Wartime RAF hero, 97, inundated with visitors after appeal to beat loneliness
- Credit: Sonya Duncan
A 97-year-old Second World War bomber hero has been inundated with new visitors after an online appeal for more people to visit him and hear his amazing wartime stories.
Former RAF pilot officer Sydney 'Stevie' Stevens, who flew 29 Lancaster bomber missions and received the Distinguished Flying Cross in November 1943 for bravery, lives at Saxlingham Hall Nursing Home and wanted to have more people to visit.
Now following the appeal organised by his former next door neighbour, Clair Ling, he has had requests from across Norfolk and Lincolnshire and has gained new pen pals in America and the Netherlands.
"I come to visit Stevie about five times a week in the evening and take him out for Sunday lunch but whenever I leave I always think that he has probably been waiting for my visit all day," said Clair.
"The nurses here are brilliant but obviously they have 35 other residents to care for as well so he can get a bit lonely during the day. He has so many stories to tell and not just about the war. He has had such an amazing life in general and he loves to chat."
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Mr Stevens previously lived at Coleburn Road in Norwich with his wife Maureen, known as Maud, a former wartime Women's Auxiliary Air Force volunteer radio operator at RAF Scampton. The couple met in 1943 after she guided his aircraft safely to land following a raid in Germany.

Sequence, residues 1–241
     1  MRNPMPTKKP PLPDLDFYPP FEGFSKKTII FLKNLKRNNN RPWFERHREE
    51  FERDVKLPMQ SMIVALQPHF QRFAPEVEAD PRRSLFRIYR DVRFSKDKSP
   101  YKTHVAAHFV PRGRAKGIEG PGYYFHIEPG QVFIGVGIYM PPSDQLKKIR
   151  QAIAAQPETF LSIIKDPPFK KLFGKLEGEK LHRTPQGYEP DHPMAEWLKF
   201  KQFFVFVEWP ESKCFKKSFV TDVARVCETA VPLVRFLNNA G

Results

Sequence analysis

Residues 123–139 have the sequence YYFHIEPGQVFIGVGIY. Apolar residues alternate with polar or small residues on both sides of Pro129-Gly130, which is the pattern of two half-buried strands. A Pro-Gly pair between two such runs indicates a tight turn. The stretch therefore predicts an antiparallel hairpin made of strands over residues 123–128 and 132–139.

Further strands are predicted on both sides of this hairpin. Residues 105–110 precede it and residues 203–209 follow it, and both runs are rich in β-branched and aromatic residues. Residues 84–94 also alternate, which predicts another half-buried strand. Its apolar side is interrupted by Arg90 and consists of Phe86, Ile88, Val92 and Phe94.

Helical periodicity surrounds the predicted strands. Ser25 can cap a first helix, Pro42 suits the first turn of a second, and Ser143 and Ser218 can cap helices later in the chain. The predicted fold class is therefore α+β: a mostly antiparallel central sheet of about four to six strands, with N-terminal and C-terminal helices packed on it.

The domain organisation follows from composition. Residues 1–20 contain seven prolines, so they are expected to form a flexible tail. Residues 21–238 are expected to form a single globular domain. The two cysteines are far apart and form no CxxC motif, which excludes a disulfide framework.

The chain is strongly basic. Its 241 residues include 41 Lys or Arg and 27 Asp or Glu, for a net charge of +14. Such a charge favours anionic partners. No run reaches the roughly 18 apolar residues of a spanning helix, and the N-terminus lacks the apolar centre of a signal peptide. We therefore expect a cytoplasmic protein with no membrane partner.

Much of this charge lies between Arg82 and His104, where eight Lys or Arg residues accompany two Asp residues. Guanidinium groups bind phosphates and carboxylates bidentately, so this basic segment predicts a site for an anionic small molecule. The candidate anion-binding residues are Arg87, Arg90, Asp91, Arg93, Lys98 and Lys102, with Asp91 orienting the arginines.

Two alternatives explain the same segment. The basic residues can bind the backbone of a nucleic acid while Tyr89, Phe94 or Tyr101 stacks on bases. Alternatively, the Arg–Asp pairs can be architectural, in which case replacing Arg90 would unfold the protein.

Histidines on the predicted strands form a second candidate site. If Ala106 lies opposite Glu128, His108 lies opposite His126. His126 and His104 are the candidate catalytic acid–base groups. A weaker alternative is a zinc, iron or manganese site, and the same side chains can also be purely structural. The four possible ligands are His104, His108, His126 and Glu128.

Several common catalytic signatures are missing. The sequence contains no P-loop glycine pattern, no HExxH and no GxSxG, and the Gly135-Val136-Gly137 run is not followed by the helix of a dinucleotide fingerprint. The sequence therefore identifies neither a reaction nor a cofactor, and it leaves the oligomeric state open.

Mrs Stevens died aged 97 in 2017, the day before their 74th wedding anniversary. The couple's son Adrian, 75, lives in London.
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The online appeal for visitors was first launched in April. Many who have answered have links to the RAF but others remember Mr Stevens from his later career as a maths teacher at Earlham School during the 1960s and 70s.
"Every time I pick my phone up there is another message," said Clair. "I don't know how many messages I have had from ex-pupils."
Mr Stevens said: "It has been wonderful that I have had new people kind enough to visit me. I have even had some grandparents who have brought their grandchildren, which was rather nice.
"It is quite astonishing really and quite interesting to see how many people are still interested in the war. I flew Lancasters which was a dangerous occupation, especially when we were flying over Berlin."